I've been on a fable kick. First, The Fabled Fourth Graders of Aesop Elementary, then Arnold Lobel's Fables, and now Squids will be Squids: Fresh Morals, Beastly Fables. This book of important life lessons is brought to you by Jon Scieszka (You know, the guy who wrote The Stinky Cheese Man and Other Fairly Stupid Tales and The True Story of the Three Little Pigs. Quite the cool guy, I know.)
It's one of those books that gets funnier with repeated readings. And it's even funnier if you read it to a bunch of fourth graders who have a wicked sense of humor and love a good moral.
Right away you sense the type of book this is going to be. Maybe it's in the title, or the colorful, yet peculiar illustrations that are not unlike Stinky Cheese. Or perhaps it's the age range written in tiny font on the inside jacket flap (Age: 49-630 in dog years).
The introduction gives a nice overview of the history of fables, complete with a short Aesop biography. I like this part:
Fables have been around for thousands of years. And it's no wonder. Because even thousands of years ago people were bright enough to figure out that you could gossip about anybody--as long as you changed their name to something like "Lion" or "Mouse" or "Donkey" first. (Pretty clever, huh? I wish I had been on my fables kick back when I was in school. My brother would have been named "Baboon.")
Squids Will Be Squids is a collection of random, outrageous, laugh-out-loud-even-if-you-don't-get-it fables that Mr. Aesop may or may not have written back in his day. The morals, although seriously bizarre, are full of wisdom if you listen carefully enough. I highly suggest you read this book two or three times and you'll come away with a new outlook on life, if not a hearty belly laugh.
Check out Jon Scieszka's website for boys called Guys Read here: http://www.guysread.com/
Recipe to Read By: Elephant Ears (Named after my favorite fable entitled Elephant and Mosquito.)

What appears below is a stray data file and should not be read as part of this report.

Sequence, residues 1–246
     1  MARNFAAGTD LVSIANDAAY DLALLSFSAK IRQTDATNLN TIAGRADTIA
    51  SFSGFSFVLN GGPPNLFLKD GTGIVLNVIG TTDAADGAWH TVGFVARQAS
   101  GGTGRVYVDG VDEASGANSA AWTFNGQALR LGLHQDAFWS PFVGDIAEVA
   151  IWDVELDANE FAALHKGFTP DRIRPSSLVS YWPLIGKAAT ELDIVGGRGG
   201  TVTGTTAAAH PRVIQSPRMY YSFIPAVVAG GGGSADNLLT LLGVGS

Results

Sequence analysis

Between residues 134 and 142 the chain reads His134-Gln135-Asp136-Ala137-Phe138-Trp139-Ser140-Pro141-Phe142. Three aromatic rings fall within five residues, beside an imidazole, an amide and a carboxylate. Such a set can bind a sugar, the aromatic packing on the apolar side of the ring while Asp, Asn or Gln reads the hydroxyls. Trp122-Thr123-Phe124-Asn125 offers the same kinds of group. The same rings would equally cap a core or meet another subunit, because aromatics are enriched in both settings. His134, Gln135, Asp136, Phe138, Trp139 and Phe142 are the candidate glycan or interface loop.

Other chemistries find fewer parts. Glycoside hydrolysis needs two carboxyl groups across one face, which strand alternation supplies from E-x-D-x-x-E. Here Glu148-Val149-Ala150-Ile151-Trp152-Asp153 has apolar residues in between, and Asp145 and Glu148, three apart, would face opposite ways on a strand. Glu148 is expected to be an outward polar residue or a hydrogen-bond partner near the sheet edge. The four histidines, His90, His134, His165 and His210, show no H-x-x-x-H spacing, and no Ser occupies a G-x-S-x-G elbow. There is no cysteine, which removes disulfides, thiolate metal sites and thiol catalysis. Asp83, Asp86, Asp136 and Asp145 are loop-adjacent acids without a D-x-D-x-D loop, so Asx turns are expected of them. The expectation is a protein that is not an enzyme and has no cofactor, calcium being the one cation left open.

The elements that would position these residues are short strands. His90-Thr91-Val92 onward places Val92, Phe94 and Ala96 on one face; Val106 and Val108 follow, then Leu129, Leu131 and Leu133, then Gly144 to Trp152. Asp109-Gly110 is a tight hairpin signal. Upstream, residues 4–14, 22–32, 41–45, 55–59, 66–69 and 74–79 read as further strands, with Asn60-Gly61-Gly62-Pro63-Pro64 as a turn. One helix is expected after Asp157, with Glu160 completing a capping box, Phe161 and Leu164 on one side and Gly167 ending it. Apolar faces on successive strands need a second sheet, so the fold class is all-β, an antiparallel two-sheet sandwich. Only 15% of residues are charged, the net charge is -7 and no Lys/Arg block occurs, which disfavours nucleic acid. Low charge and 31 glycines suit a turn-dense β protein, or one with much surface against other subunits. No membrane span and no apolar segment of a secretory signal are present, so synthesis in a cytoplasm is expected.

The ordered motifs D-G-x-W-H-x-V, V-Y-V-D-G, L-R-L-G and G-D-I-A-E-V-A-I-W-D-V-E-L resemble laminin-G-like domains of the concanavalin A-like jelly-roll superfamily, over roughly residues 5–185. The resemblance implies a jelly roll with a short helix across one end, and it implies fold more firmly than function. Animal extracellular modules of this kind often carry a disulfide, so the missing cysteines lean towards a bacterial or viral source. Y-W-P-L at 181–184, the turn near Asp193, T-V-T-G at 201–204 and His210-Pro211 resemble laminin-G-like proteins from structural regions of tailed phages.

Ingredients: A box of puff pastry, cinnamon and sugar
1. Preheat the oven to 400 degrees
2. Thaw the puff pastry. (Microwave for 10 seconds at a time until bendable).
3. Lay the sheet on the table and sprinkle with 1/2 cup sugar and tablespoon of cinnamon. Spread the mixture and make sure that all of the dough is covered.
4. Stare at the dough like it's a Magic Eye poster and find the center. Mark it with your knife if you want. Next, starting with the right side, begin to roll the dough one inch deep, stopping before reaching the center. Continue with the left side. Once both sides are rolled up, fold on top of each other. (Basically, you are rolling each side towards each other and then creating one ginormous roll of elephant ears. Mmmm.)
5. Slice the huge roll into 1/2 thick pieces and lay flat on the cookie sheet.
6. Repeat with the second sheet of puff pastry, if you haven't eaten it already. Puff pastry is goo-ood.
7. Cook for 10 minutes or until golden brown and you can smell the cinnamon and sugar in the oven.
8. As soon as the cookies are finished cooking, remove them from the oven and remove from the cookie sheet and let rest. (If the cookies are left on the cookie sheet the sugar will harden and the cookies will stick).
9. Serve and enjoy!
10. Moral: Food and books go together like peanut butter and baloney sandwiches. Am I the only one who eats that? Pickles and salsa? Doritos and hot chocolate? Well, you know what I mean!
Recipe courtesy of http://www.ifood.tv/. Watch the video on how to make them here!